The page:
Valentine’s Day is for Friends Too

Danelle and Sarah. – Photo by Alejandro Barrera

My best friend Sarah and I met in our scholarship program at Azusa Pacific University our freshman year. She has a bubbly personality that counters my more quiet personality. We often joke that because we know each other so well, we have become the same person. More importantly, over the course of our college career we have developed a long-lasting friendship that has kept us together through the more trying, as well as best, parts of our postsecondary experience.

When I asked Sarah about how and why best friends celebrate Valentine’s Day, she first began by telling me why having best friends are so important. She explained that having a best friend provides her with the chance to connect and grow with someone. Sarah said, “I prefer to have one best friend that I go to for things and so I can center my focus and trust in them.” What does this mean for best friends around the world who celebrate each other on a day that seems to center around romantic love?

On the official St. Valentine’s Day website, the holiday is explained as a day to honor the saint and celebrate loved ones in our lives. It’s a day to express our love and gratitude to significant others, parents, teachers, and friends. Despite the holiday being immensely commercialized, the general population of the United States agrees that Valentine’s Day can be celebrated with whoever we care about. However, the question still remained, is celebrating Valentine’s Day with you best friend(s) a cop-out? I asked several of my peers, both women and men, about their view about the holiday and their own experiences celebrating Valentine’s Day with their best friends.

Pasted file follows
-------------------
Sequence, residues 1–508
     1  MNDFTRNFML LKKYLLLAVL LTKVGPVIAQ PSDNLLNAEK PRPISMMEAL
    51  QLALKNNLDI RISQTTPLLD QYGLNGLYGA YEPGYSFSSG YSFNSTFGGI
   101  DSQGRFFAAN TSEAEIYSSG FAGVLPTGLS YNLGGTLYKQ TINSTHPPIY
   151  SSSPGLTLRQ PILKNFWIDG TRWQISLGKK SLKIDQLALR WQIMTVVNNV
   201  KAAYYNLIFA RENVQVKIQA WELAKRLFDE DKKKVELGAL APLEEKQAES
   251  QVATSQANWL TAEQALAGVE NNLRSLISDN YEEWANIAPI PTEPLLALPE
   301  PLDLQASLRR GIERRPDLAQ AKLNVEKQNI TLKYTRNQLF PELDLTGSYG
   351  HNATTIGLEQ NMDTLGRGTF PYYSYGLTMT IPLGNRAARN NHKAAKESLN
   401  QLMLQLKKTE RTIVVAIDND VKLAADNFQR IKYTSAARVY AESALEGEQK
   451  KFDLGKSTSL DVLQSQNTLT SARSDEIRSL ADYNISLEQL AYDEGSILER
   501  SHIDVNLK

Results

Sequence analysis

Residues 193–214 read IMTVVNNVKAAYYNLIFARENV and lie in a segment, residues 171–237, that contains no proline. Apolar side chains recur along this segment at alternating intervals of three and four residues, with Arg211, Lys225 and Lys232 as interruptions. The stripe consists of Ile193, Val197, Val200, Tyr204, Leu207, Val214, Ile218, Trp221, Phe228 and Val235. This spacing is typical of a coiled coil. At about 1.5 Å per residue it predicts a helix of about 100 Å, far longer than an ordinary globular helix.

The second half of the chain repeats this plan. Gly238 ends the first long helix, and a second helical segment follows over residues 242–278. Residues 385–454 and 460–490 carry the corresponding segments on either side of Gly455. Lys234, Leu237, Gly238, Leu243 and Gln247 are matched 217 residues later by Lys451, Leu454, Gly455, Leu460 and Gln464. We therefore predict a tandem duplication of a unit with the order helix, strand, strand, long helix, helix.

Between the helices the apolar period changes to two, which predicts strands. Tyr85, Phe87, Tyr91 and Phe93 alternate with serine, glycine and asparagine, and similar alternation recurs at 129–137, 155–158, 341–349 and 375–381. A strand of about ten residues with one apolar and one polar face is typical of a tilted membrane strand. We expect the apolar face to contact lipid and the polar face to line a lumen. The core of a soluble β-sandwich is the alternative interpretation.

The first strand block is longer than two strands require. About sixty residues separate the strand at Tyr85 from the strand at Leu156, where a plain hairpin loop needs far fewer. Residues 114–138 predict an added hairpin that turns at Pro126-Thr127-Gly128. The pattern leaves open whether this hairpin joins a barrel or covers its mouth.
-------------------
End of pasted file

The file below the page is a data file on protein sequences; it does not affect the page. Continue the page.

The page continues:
“There’s an expectation that you go out with your significant other on Valentine’s Date, so anything other than that by definition is a cop-out,” Nick R. said in an interview. He explained that the role Valentine’s Day plays for single people can pose a problem but that it should not keep people from celebrating the holiday however they choose. Sarah added that it is more about how society labels Valentine’s Day. When I asked her about whether or not celebrating the holiday with friends is important, she said, “Especially within younger age groups, I think there’s more pressure to be in a relationship. That’s why I think it’s important to put an emphasis on other important relationships that mean just as much.”